Annabeth Gish has it all: a degree from Duke, a role in the big new film Double Jeopardy and a "wonderful" letter from a silent screen legend who shares her last name.

Personal: Born March 13, 1971, in Albuquerque, N.M.

Films: Include Desert Bloom, 1986; Hiding Out, 1987; Mystic Pizza, 1988; Shag, 1989; Coupe de Ville, 1990; Silent Cries, 1993; Wyatt Earp, 1994; Nixon, 1995; Beautiful Girls, 1996; The Last Supper, 1996; Steel, 1997; S.L.C. Punk!, 1999; Double Jeopardy, 1999.

Television: Includes Hero in the Family, 1986; When He's Not a Stranger, 1989; The Last To Go, 1991; Lady Against the Odds, 1992; Silent Cries, 1993; Scarlett, 1994; Courthouse, 1995; What Love Sees, 1996; Don't Look Back, 1996; Sealed With a Kiss, 1999; Different, 1999; God's New Plan, 1999.*


We all hear about the young women who drop out of school to be discovered by Hollywood. Meet Annabeth Gish, who left a successful Hollywood career to go to Duke University, where she concentrated on English, drama and women's studies.

Since both of her parents were teachers themselves, had they pressured their young actress-daughter to get a degree ?

"My parents left the decision to me - Hollywood or college," Annabeth said. "I knew I wanted those four years of seclusion, and now I'm a fuller, more rounded person. I loved Duke."

Annabeth's latest film, Double Jeopardy, starring Tommy Lee Jones and Ashley Judd, is due out next month. It's about a man who fakes his own death to collect the insurance. "It's a bit film noir, combined with a more contemporary action-adventure," Ms. Gish told me. "Tommy adds a terrific integrity to the work and Bruce Beresford [Driving Miss Daisy] is one of our finest directors. He and I had tried to work together on another project that didn't work out. So when this came along, Bruce thought of me, and I didn't have to go through all the folderol to get the role."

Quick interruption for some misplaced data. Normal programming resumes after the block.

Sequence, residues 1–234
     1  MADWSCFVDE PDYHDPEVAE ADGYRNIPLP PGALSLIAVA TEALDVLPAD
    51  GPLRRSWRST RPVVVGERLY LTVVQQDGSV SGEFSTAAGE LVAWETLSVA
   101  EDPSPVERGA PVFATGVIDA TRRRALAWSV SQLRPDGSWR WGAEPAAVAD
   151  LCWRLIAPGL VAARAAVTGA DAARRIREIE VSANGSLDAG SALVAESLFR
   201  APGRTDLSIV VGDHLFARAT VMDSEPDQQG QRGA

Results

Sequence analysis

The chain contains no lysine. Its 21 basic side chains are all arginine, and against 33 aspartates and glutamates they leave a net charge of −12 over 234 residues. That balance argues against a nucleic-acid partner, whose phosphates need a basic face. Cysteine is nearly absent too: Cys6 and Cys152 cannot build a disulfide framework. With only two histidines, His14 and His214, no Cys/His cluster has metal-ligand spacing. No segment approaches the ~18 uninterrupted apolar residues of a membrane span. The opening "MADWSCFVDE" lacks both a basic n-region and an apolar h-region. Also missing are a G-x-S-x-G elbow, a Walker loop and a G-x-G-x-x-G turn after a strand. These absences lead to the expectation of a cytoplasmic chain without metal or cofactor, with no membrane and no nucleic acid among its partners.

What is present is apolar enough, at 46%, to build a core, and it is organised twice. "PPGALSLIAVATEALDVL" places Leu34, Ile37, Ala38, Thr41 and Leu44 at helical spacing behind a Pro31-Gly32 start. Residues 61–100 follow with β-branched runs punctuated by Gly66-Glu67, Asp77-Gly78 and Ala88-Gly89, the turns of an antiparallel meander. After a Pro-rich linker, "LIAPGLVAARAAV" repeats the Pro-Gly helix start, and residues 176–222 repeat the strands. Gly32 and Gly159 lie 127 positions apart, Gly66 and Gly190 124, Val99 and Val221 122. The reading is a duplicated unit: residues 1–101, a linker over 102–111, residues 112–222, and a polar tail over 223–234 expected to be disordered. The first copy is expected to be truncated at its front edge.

"It takes place in New Orleans and Minnesota," Annabeth added. "Except for the exteriors, we shot it all in Vancouver. In the past year, I made four movies - one in Vancouver and three in Toronto. I may be taking out Canadian citizenship next." Or going to hockey games, I suggested. "I saw my first hockey game this year," said Annabeth, but she's more interested in another sport: "Ashley [Judd] went to the University of Kentucky. There's a huge rivalry in basketball between the Kentucky Wildcats and the Duke Blue Devils."

Despite her name, Annabeth is not related to the Gish sisters, Dorothy and Lillian, stars of the silent screen. "But when I was 12, I wrote Lillian Gish," she said. "I told her that my grandmother's name was also Lillian Gish and that I was going to become an actress. And she wrote back - a wonderful letter."

Of course Annabeth did become an actress, and at age 15 she was hailed by the critic Roger Ebert for the "stunning power" of her performance in Desert Bloom. And before interrupting her career to enroll at Duke, she made the film Mystic Pizza with a young Julia Roberts. It's become a cult video," Annabeth said. "And it was the beginning of Julia's ascent."

Brady Bits.

Annabeth Gish plays "a really funky girl" who was jilted by her lover in the CBS-TV movie Sealed With a Kiss, set to air Sept. 19.

"It's a comedy - a change of roles for me," she said. "Usually I'm in tears or have an affliction or both." Such as? "I've been blind, a paraplegic, a schizophrenic ...."

In the Kevin Costner flop Wyatt Earp, she played Earp's first wife. "That movie was disappointing only in that it wasn't a big success," she said. "A movie is ruined, or not, by what people say or write about it."

Following Wyatt Earp she filmed a CBS Gone With the Wind sequel in which she played Mrs. Rhett Butler to Timothy Dalton's Rhett. And she was Julie Nixon Eisenhower in Oliver Stone's Nixon.

"I really wanted to meet Julie," she said. "But the family maintained its distance from the film, so I didn't."

Did Stone live up to his wild man reputation ? "He's a consummate filmmaker," Ms. Gish replied. "Everything was tame on that set. Partly because of Anthony Hopkins [as Nixon]. What a gentleman. I'd seen him on stage in Antony and Cleopatra. Now here I was, playing his daughter."
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